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Saving Essex: Baltimore County Will Try To Help One Of Its Most At-Risk Communities

Credit: John Lee

Baltimore County is planning a full court press to save Essex. The economically depressed waterfront community on the county’s east side is seeing high rates of crime, COVID-19 and unemployment.

The county is planning to pump money and resources into Essex, in what it hopes will be a national model of how to save a community.

Cliff O’Connell has lived in Essex for 60 years. For half of that time, he’s owned Cliff’s Hi-Tech Auto Body Shop. O’Connell recalls hosting a sleepover for members of his daughter’s cheerleading squad years ago. A couple of parents didn’t let their daughters come because of the reputation Essex has.

“I remembered that,” O’Connell said. “And back then, Essex was starting to go downhill. It’s gotten worse.”

Data from the county backs that up.

From 2017 to 2019 there were 11 homicides in the 21221 Essex zip code, more than any other in the county. Crime topped the list of problems brought up at a recent community meeting. Leah Biddinger said she listens to the police scanner every night.

“Our guys are running,” Biddinger said. “They are busy, busy, busy busy. So, I’m putting my plea in that we need more officers in our precinct.”

But the problems go beyond crime. Essex has a high poverty rate. Its unemployment rate is 7.2%, well above the county’s 4.8%. It has the highest number of applications for the county’s eviction prevention program. The Essex zip code is the 7th highest in COVID-19 cases in the county.

Baltimore County Executive Johnny Olszewski is launching in Essex what he said is a first of its kind sustained recovery for a community.

“We sort of have this fork in the road where you’re investing in turning a community back to the real opportunity that it has versus letting it slip,” Olszewski said.

The county will use some of the $161 million it’s getting from the American Rescue Plan to pay for the effort to save Essex. Olszewski said it will include police, the schools, code enforcement, public works and the health department.

It’s too early to say what that will look like or what the price tag will be, but he wants guidance from Essex residents.

Olszewski said, “So, it’s not just ‘we’re the government, we’re here to help.’ It’s also, what does the community see as a need.”

The community’s decline began decades ago.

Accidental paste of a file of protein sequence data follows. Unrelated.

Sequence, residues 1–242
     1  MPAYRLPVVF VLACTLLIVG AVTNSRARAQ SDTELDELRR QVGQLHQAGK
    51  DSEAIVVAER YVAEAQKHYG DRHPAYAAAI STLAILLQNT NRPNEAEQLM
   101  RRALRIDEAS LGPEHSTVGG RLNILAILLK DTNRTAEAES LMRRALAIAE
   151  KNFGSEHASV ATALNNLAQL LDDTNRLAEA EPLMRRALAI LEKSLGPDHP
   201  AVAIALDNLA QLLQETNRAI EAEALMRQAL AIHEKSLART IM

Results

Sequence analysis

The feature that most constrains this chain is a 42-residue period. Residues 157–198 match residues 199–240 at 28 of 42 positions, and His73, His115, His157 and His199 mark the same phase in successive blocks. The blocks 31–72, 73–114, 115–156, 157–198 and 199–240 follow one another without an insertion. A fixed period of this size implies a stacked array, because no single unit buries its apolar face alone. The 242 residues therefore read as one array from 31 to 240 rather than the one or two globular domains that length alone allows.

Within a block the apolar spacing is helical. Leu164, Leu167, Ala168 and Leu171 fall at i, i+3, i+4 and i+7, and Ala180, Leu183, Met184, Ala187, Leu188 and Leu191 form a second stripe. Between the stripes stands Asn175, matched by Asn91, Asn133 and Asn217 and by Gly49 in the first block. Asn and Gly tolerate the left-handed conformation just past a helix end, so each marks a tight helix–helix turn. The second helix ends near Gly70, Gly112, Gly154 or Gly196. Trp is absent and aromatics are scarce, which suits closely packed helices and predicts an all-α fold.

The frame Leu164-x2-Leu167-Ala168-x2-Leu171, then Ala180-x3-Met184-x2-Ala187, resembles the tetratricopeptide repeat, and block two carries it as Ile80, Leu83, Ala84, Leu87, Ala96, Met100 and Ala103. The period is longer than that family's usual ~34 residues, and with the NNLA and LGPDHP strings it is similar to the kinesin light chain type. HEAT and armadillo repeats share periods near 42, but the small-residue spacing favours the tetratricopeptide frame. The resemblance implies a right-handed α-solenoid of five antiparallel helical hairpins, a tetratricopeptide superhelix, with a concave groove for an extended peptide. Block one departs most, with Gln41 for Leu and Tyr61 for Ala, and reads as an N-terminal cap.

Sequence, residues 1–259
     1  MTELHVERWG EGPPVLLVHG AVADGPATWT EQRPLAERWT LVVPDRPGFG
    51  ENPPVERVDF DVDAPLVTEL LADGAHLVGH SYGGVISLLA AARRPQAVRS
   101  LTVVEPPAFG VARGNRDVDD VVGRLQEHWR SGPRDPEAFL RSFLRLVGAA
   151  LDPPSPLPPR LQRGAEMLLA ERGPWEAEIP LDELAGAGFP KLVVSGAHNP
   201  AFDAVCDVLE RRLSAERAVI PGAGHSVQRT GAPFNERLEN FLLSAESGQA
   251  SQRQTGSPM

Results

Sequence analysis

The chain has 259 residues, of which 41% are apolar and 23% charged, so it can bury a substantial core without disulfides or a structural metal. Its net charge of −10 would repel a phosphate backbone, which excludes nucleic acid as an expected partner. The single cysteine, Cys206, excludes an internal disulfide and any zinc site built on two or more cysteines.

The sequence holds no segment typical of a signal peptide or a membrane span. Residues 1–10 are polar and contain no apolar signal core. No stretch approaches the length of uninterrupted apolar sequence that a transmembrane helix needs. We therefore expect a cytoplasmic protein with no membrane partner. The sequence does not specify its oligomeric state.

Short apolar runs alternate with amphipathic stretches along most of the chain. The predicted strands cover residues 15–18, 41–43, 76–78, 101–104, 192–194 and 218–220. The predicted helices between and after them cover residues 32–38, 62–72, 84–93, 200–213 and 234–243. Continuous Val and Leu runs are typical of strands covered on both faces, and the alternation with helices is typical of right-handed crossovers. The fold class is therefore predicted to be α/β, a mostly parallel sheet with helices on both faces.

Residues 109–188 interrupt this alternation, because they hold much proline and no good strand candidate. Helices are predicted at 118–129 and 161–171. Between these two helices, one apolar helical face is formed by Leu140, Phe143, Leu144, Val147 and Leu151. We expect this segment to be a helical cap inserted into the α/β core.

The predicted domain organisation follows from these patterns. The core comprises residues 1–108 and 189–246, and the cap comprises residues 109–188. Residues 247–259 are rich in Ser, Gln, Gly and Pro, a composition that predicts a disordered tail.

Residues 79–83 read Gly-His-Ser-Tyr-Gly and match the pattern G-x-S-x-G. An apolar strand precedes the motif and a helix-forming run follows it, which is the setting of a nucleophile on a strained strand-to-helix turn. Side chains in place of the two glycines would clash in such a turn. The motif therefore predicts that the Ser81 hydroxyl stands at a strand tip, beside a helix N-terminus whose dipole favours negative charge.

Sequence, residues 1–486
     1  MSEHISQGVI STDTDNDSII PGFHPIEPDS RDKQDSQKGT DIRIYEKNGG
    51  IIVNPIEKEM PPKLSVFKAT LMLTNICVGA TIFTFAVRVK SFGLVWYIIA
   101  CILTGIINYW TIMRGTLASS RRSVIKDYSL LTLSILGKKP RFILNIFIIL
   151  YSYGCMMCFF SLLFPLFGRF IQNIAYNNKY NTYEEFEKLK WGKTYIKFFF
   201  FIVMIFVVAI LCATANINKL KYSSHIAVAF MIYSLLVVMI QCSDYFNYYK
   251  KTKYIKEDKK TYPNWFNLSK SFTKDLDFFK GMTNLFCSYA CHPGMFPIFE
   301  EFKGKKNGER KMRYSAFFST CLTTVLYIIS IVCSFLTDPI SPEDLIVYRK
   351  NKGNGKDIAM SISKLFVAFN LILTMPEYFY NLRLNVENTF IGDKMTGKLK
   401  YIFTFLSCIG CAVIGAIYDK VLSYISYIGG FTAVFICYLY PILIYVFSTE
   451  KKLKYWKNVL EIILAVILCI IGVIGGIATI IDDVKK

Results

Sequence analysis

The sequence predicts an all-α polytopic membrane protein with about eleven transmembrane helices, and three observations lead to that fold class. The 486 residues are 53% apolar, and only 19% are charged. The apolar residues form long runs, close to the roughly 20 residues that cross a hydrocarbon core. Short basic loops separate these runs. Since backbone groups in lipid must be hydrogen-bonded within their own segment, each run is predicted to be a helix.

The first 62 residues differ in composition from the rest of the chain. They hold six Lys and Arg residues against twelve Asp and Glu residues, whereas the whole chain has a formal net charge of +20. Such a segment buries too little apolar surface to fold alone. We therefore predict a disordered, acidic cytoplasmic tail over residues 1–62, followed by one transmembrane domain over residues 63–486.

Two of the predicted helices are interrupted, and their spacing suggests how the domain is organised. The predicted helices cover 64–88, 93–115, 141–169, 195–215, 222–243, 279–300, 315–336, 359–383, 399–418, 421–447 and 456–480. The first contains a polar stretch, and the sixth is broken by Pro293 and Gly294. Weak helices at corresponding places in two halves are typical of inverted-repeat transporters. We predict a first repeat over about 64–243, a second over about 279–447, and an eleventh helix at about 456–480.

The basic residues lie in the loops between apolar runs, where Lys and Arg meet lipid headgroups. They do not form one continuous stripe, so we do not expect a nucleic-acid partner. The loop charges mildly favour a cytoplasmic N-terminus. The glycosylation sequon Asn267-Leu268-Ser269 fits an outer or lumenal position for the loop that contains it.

Until now, Essex has been a political stepchild, according to John Dedie, a political science professor at the Community College of Baltimore County, because the power on the county’s east side was in Dundalk.

“It wasn’t focused on what we could do for Essex,” Dedie said.

Paul Blitz, the historian for the Heritage Society of Essex and Middle River, said the community’s fall can be traced to a loss of jobs and stores. Employers like Bethlehem Steel and Lockheed Martin disappeared or withered. Blitz said the business district declined because it could not compete with shopping malls.

“Into the 70s, you could buy anything you wanted without leaving Essex,” Blitz said. “You had Tom McAn shoes where we used to buy shoes for the school year. You had Robert Hall clothing. You had Frank’s Menswear. You had Montgomery Wards for appliances and sleds and bicycles.”

Several years ago, Essex resident Cliff O’Connell said he ran into a landlord of a rundown building along the main drag, Eastern Boulevard. O’Connell asked him why he didn’t fix it.

“He said ‘look at this place. Why would I put any money into that?’ And I kind of looked around and I was like, I guess you’re right.”

O’Connell is part of a volunteer group that has been cleaning up Eastern Boulevard as well as boarding up vacant homes.

Sharon Kihn, executive director of the Chesapeake Gateway Chamber of Commerce said it’s making a difference. Some businesses and homeowners are renovating, and new people are moving in.

“It’s little by little,” Kihn said. “When we started this process, we said it’s an elephant and you can only take one bite at a time and do the best that you can with it.”

Kihn said there is hope now in Essex that things might get better.

John Lee is a reporter for WYPR covering Baltimore County. @JohnWesleyLee2